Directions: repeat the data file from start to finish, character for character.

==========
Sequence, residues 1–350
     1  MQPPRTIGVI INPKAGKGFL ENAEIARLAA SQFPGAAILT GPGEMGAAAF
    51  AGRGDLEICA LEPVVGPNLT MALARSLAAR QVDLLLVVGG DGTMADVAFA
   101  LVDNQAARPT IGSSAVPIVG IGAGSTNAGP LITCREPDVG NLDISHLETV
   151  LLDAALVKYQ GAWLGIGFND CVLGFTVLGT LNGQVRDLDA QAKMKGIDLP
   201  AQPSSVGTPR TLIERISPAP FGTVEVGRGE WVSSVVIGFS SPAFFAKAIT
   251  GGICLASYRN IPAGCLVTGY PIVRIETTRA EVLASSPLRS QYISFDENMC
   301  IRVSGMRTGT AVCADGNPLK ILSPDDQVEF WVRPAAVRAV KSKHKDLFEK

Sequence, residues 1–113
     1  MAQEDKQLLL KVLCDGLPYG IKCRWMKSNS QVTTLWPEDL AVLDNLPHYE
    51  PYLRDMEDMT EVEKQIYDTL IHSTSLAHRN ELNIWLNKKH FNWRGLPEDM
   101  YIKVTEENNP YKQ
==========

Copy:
Sequence, residues 1–350
     1  MQPPRTIGVI INPKAGKGFL ENAEIARLAA SQFPGAAILT GPGEMGAAAF
    51  AGRGDLEICA LEPVVGPNLT MALARSLAAR QVDLLLVVGG DGTMADVAFA
   101  LVDNQAARPT IGSSAVPIVG IGAGSTNAGP LITCREPDVG NLDISHLETV
   151  LLDAALVKYQ GAWLGIGFND CVLGFTVLGT LNGQVRDLDA QAKMKGIDLP
   201  AQPSSVGTPR TLIERISPAP FGTVEVGRGE WVSSVVIGFS SPAFFAKAIT
   251  GGICLASYRN IPAGCLVTGY PIVRIETTRA EVLASSPLRS QYISFDENMC
   301  IRVSGMRTGT AVCADGNPLK ILSPDDQVEF WVRPAAVRAV KSKHKDLFEK

Sequence, residues 1–113
     1  MAQEDKQLLL KVLCDGLPYG IKCRWMKSNS QVTTLWPEDL AVLDNLPHYE
    51  PYLRDMEDMT EVEKQIYDTL IHSTSLAHRN ELNIWLNKKH FNWRGLPEDM
   101  YIKVTEENNP YKQ